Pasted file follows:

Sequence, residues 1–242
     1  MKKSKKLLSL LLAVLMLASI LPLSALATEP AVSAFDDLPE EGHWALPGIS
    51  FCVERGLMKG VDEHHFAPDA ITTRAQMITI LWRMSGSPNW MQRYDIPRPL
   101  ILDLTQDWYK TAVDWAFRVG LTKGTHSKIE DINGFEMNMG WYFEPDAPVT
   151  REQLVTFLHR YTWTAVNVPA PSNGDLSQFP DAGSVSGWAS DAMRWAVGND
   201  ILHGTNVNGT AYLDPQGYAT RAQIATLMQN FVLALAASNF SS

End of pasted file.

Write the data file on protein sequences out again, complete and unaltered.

Sequence, residues 1–242
     1  MKKSKKLLSL LLAVLMLASI LPLSALATEP AVSAFDDLPE EGHWALPGIS
    51  FCVERGLMKG VDEHHFAPDA ITTRAQMITI LWRMSGSPNW MQRYDIPRPL
   101  ILDLTQDWYK TAVDWAFRVG LTKGTHSKIE DINGFEMNMG WYFEPDAPVT
   151  REQLVTFLHR YTWTAVNVPA PSNGDLSQFP DAGSVSGWAS DAMRWAVGND
   201  ILHGTNVNGT AYLDPQGYAT RAQIATLMQN FVLALAASNF SS